September now, and the light begins to slant, a whisper of fall in the air, though the sun is still strong in the sky. The days are full of heat and at night a breeze is blowing, gently breathing in a new season. The heat of the days is concentrated, in the sweetness of fruits and the red spiciness of peppers, the green lengths of squash, cucumbers, and beans.
The last of the lemons hang on the branches of the old tree like a hundred little lanterns, burning yellow-bright; we pick them into woven baskets and blend them with lavender flowers to make Lemon-Lavender Marmalade.
Featured Recipe with Staff Expert Jess Tunis
All the creatures of the woods and towns are busy gathering against the winter. They say we may get some rain this year, a wet and muddy blessing. In the meantime, woodpeckers are gathering acorns, drilling individual holes for each stored nutmeat.
The mice come out at night and drag away small pieces of amaranth, one at a time, until the whole seeded, weeping, burgundy bush is bare to the stem. The bees are still busily scouting every bloom, and harvesting honeydew from the aphids besides, letting no resource go to waste.
In the gardens, at the markets, in the kitchens, people are gathering, too.
Some of us preserve food because we grow it, and some because the act of preservation nourishes us in more ways than one. Some do it out of economy, or a dedication to seasonal eating, or because the bright jars of summer foods make the best gifts for the season of giving ahead.
No matter the kaleidoscope of reasons that motivate us, we see the bustle in our homesteading housewares store, the flats of jars flowing steadily off our shelves, out into the kitchens and pantries of the wider world.
Many a mason jar, filled with sparkling liquid, was lifted to toast Molly and Ryan last month, as we finally saw our golden couple married off in style.
As anyone who has followed these journals must know, it's been a massive undertaking for these last few months, to gather all the elements together to send these folks off in the style they deserved.
4oz jars of Lemon Lavender Marmalade, Apricot Jam, Huckleberry Jelly and Plum Jam, were stacked as wedding favors for the guests. A whole pig was grown, gifted and roasted, then turned into savory moles and verdes of every kind. Corn was roasted, salsa and guacamole made by the gallon, and 150 plates were piled full. The friends and family danced into the night... and in the morning, the leftovers were piled high.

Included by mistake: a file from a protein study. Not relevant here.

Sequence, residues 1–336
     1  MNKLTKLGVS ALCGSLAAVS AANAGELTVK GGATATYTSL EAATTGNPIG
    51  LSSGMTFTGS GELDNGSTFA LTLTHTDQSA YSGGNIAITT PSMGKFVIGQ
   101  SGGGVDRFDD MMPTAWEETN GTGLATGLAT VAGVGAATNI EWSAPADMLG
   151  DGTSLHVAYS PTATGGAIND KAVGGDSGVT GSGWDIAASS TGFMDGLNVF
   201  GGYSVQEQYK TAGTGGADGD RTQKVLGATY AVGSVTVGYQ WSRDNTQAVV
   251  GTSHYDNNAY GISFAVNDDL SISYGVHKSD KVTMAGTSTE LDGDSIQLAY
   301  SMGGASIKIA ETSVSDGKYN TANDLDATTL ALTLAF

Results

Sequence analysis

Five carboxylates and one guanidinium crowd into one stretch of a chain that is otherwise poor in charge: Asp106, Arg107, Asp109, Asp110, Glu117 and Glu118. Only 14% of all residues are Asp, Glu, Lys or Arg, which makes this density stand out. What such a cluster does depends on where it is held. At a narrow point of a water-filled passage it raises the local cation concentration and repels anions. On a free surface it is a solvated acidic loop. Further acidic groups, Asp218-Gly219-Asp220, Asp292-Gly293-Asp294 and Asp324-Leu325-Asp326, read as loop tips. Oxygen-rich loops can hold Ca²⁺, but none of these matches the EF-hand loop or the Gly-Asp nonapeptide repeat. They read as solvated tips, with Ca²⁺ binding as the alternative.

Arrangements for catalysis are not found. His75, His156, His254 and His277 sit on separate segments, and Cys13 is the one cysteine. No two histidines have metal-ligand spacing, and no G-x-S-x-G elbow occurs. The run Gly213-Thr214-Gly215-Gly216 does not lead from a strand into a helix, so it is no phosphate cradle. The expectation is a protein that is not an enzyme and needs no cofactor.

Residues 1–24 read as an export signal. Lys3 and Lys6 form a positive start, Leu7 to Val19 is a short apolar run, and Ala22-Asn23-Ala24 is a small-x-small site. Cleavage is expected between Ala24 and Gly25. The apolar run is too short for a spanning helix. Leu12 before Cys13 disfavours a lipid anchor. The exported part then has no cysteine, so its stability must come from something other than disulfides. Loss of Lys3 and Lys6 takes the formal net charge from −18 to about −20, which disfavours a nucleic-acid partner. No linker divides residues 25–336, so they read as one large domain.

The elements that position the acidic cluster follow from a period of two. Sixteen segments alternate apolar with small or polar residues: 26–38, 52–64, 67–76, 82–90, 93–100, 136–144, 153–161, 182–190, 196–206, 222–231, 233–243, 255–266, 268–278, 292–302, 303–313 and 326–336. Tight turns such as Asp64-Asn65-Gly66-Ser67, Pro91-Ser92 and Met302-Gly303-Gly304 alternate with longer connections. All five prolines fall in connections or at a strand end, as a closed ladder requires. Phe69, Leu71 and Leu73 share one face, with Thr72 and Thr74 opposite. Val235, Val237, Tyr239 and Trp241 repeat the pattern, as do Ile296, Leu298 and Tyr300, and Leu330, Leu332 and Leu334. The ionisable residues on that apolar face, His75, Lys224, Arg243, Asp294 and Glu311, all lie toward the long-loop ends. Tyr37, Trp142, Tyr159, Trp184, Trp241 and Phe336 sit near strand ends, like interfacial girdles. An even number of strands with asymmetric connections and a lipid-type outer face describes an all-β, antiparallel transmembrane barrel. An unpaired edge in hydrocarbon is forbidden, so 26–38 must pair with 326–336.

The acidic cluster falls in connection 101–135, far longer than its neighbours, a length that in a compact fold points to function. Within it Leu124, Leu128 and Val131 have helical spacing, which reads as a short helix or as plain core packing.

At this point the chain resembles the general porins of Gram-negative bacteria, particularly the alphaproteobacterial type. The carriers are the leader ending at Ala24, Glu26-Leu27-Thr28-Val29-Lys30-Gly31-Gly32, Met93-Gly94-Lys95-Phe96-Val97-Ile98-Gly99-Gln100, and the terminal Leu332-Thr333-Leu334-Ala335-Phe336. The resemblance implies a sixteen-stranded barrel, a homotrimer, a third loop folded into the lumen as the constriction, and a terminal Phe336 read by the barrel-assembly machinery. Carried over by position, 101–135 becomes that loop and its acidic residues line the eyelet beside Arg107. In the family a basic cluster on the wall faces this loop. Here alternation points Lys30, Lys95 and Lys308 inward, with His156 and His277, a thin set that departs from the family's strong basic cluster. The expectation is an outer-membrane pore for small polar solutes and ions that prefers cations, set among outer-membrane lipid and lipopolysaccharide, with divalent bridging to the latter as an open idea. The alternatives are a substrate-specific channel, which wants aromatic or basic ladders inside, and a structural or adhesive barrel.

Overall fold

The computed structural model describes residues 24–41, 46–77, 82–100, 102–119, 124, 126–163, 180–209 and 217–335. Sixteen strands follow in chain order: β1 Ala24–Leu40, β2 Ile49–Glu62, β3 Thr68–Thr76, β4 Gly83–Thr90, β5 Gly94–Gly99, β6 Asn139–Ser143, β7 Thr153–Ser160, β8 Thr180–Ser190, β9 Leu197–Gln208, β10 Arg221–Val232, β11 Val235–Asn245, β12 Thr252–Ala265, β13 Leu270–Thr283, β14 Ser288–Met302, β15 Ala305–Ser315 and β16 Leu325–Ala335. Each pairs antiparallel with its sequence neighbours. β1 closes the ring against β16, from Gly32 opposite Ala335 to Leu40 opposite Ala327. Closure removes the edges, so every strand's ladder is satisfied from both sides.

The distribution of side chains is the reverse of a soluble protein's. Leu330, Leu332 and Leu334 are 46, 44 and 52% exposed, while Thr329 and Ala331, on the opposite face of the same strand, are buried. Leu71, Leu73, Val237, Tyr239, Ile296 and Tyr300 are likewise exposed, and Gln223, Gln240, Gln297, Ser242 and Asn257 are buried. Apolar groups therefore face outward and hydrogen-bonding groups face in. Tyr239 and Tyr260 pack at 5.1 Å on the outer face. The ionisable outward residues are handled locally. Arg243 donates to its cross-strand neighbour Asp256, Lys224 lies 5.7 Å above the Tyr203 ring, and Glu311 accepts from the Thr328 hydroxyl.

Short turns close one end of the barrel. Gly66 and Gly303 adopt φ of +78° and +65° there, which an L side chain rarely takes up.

Whether the bounty comes direct from the garden, or in a circuitous path, good food is good food, to be honored and not wasted.
The very next day, the preservation parties began. Quarts of jalapeños and carrots were brined and set to fermenting; you can see some bubbling away on the shelves of the Ben Lomond store. The piles of roasted corn were divvied up among the crew, and variously frozen, pressure canned, and incorporated into other dishes.
Featured Recipe from Molly's Wedding Extravaganza...
Perhaps the most delicious way to use the corn was to include it in a fiery blended salsa, the sweet kernels popping against the sizzling heat of chipotle and fresh jalapeños, roasted onion rounding out the flavor. Whether you have 10 pounds of corn or 50, this is the next best thing, to eating it straight off the golden cob.
Expert Staff Article with Chase, Karla and Dave...
Salsas and hot-sauces are a guiltless pleasure. No sugar, no ingredients from further than the next county over. Just sea salt, and fresh fruits and vegetables, right off the vine.
Here at Mountain Feed, we've all got our own favorite recipes for our special sauces, whether they be water-bath canned or fermented. You may have enjoyed our recipe last month for fermented jalapeño peppers. But imagine what else could be done with those spicy chunks of green fire. In this article, some of our staff members share their favorite fermented hot-sauce recipes . . .